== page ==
Article | Published:

Evolution of a split RNA polymerase as a versatile biosensor platform

Nature Chemical Biology volume 13, pages 432438 (2017) | Download Citation

Abstract

Biosensors that transduce target chemical and biochemical inputs into genetic outputs are essential for bioengineering and synthetic biology. Current biosensor design strategies are often limited by a low signal-to-noise ratio, the extensive optimization required for each new input, and poor performance in mammalian cells. Here we report the development of a proximity-dependent split RNA polymerase (RNAP) as a general platform for biosensor engineering. After discovering that interactions between fused proteins modulate the assembly of a split T7 RNAP, we optimized the split RNAP components for protein–protein interaction detection by phage-assisted continuous evolution (PACE). We then applied the resulting activity-responsive RNAP (AR) system to create biosensors that can be activated by light and small molecules, demonstrating the 'plug-and-play' nature of the platform. Finally, we validated that ARs can interrogate multidimensional protein–protein interactions and trigger RNA nanostructure production, protein synthesis, and gene knockdown in mammalian systems, illustrating the versatility of ARs in synthetic biology applications.

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Acknowledgements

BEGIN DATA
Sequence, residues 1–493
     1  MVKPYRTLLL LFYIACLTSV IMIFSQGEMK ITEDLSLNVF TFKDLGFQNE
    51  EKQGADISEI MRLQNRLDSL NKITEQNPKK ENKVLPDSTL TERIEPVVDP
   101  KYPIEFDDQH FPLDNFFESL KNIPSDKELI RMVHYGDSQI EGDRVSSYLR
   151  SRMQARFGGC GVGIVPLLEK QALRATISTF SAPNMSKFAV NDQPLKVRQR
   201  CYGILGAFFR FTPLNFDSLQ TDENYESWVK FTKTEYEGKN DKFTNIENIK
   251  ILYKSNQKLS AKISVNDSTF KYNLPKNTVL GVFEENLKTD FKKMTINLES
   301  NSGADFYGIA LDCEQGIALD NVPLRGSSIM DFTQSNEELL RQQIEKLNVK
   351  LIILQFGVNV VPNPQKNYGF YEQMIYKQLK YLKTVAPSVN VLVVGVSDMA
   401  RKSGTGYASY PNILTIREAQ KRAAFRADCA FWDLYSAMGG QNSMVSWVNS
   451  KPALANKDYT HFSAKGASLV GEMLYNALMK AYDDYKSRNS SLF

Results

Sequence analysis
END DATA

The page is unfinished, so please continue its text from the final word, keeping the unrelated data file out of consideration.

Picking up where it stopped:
We thank I. Chronis (University of Chicago), Y. Koh (University of Chicago), and D. Ahn (University of Chicago) for technical assistance, and D. Liu (Harvard University), B. McNaughton (Colorado State University), A. Deiters (University of Pittsburgh), B. Glick (University of Chicago), M. Glotzer (University of Chicago), Y. Krishnan (University of Chicago), J. Thornton (University of Chicago), and Y. Weizmann (University of Chicago) for supplying equipment and materials. This work was supported by the University of Chicago, the Cancer Research Foundation, the National Institute of General Medical Sciences of the National Institutes of Health (R35 GM119840) to B.C.D., the University of Chicago Medicine Comprehensive Cancer Center (P30 CA14599), and the National Center for Advancing Translational Sciences of the National Institutes of Health (UL1 TR000430). J.Z.-B. was supported by a Chemical Biology Training Grant from the US National Institutes of Health (T32GM008720).

Author information

Author notes

    • Jinyue Pu
    •  & Julia Zinkus-Boltz

    These authors contributed equally to this work.

Affiliations

  1. Department of Chemistry, The University of Chicago, Chicago, Illinois, USA.

    • Jinyue Pu
    • , Julia Zinkus-Boltz
    •  & Bryan C Dickinson

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Contributions

J.Z.-B., J.P., and B.C.D. cloned and validated all materials and performed transcription assays. J.P. and B.C.D. performed PACE experiments. J.Z.-B. and J.P. performed cell culture experiments. J.Z.-B., J.P., and B.C.D. designed experimental strategies and wrote the paper.

Competing interests

The authors have filed a provisional patent application on the AR system.

Corresponding author

Correspondence to Bryan C Dickinson.

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    Supplementary Text and Figures

    Supplementary Results, Supplementary Tables 1–3 and Supplementary Figures 1–6.

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DOI

https://doi.org/10.1038/nchembio.2299

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